What is Counselling?
Counselling offers you the opportunity to explore your difficulties in an entirely safe and confidential space without fear of judgement. You will be able to discuss the thoughts and feelings you have without having to consider the implications these might have on the people in your life who are close to you, and without the worry that somehow you are 'burdening' others with your worries.
The counselling relationship is one in which you are able to hear yourself (sometimes for the first time) and come to a deeper understanding of the reasons you are currently struggling. A counsellor will be your companion on this journey of self-discovery, guiding you through the process, and bearing witness to the emotions you may feel as you re-negotiate your relationship with yourself and others in your life. You will become aware of the obstacles to your wellbeing and gain a more authentic understanding of yourself.
There are a variety of counselling modalities which approach the therapeutic process differently, but are not necessarily dissimilar in their outcome, or in their understanding of human nature. The type of therapy a counsellor adopts, whether it is a single modality, or an integration of more than one, may reflect his or her own theoretical background and life experience.
Different therapies may suit different people and the type of counselling which is right for you may depend on your specific difficulties, or your preferred approach to resolving them.
More often than not, it is your relationship with your counsellor which is more important than the counselling approach they practice, as this is proven to be the most important factor in the therapeutic process.
I have briefly outlined the main Counselling approaches below:
Psychoanalytical and Psychodynamic Therapies
The focus in Psychodynamic counselling is on addressing problem thoughts, feelings and behaviours by identifying their unconscious meanings and motivations. There is a strong emphasis on the therapeutic relationship as this reveals much about the interactions of the client of the counselling room.
Transactional Analysis has it's roots in the Psychodynamic approach, and uses the idea of ego states to help people to understand the nature of their interactions with others.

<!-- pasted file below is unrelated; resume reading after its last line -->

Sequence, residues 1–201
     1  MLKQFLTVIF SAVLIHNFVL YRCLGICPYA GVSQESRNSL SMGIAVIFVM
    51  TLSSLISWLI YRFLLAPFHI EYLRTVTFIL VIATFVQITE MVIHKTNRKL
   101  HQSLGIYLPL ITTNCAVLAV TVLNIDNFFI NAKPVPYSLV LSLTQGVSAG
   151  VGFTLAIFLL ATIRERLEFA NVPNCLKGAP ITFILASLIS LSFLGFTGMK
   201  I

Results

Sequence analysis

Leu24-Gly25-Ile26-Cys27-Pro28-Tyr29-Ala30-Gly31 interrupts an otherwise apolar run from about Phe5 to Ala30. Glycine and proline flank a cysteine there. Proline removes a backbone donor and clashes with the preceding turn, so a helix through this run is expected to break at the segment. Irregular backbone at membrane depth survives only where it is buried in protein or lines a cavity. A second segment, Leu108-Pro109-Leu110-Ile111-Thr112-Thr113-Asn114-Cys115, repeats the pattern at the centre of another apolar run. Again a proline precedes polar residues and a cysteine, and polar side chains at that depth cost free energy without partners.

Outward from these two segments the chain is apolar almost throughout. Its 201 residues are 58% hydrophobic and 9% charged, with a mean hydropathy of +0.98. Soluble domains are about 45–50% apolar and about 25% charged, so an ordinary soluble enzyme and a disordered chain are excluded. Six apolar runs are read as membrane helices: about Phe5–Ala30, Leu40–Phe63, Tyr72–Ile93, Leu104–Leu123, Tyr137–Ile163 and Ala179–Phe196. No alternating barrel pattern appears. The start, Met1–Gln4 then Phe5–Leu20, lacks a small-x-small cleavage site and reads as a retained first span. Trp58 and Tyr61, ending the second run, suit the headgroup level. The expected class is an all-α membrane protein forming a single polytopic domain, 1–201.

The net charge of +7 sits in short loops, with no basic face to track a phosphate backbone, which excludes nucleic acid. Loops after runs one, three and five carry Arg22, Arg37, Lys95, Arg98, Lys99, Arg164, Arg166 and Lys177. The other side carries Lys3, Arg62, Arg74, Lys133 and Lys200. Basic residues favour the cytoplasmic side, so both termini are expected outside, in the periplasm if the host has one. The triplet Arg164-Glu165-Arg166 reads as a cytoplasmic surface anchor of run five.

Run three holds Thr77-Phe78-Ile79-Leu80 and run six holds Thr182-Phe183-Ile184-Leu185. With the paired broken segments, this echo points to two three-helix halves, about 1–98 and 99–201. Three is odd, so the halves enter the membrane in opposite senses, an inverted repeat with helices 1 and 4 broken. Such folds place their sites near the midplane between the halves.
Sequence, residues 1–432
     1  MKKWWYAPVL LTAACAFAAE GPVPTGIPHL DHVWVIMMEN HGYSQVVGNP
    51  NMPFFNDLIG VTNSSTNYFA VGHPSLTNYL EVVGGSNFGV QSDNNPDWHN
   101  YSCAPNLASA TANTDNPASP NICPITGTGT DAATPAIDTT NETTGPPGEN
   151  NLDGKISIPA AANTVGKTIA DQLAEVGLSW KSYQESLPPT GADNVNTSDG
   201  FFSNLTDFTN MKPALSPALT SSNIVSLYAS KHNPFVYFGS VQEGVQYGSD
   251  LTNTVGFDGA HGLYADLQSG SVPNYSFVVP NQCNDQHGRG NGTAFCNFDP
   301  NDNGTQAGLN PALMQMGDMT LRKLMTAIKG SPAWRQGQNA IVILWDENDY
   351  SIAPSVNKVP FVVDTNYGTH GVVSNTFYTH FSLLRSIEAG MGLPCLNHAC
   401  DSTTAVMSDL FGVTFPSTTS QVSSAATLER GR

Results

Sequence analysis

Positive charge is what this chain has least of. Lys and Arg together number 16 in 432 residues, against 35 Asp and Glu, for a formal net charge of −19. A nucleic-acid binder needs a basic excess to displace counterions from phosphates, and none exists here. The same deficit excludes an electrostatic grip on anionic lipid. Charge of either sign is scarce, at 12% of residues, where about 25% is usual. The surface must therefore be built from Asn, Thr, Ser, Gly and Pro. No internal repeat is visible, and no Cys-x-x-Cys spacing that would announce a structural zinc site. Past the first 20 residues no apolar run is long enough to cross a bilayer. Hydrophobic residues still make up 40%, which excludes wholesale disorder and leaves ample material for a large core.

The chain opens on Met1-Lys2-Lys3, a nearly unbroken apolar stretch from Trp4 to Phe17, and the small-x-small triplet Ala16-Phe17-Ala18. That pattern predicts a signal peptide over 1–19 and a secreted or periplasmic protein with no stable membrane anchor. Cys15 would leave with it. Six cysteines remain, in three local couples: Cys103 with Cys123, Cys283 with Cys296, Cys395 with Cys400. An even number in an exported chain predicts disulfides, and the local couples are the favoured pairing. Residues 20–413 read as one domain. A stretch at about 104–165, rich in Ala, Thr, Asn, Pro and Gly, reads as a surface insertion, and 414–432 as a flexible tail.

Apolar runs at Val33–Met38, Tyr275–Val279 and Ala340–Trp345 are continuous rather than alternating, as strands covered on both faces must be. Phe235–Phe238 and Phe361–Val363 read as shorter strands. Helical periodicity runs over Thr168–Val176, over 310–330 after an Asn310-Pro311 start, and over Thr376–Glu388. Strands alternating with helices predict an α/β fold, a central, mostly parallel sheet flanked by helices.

These approaches, including Person-Centred Therapy, Gestalt Therapy, and Existential Therapy, are based on the belief that the individual has the capacity to make their own choices and achieve their full potential in order to live a meaningful life. In Person-Centred therapy, as in Psychodynamic counselling, the relationship is central to the work, and is considered the vehicle of change as it values the client's experience and their ability to discover what is right for them.
Humanistic therapies work with both the 'here and now' and past experiences, to help clients gain a deeper understanding of themselves.
Cognitive Therapies/ Behaviour Therapies
I have put these groups of therapies together as there are many of them and they have significant similarities and overlap. The most commonly known of these is Cognitive Behaviour Therapy (CBT) which is a combination of cognitive and behavioural techniques. This may involve behavioural exercises such as exposure therapy for anxiety and phobias, or relaxation techniques such as Mindfulness.
There is a strong emphasis in cognitive therapies on the effect our thoughts have on how we feel, and consequently, what we do... the multi-directional link between thoughts, feelings and behaviours. Clients are encouraged to examine their thinking styles and how they may result in incorrect assumptions and create obstacles to their wellbeing.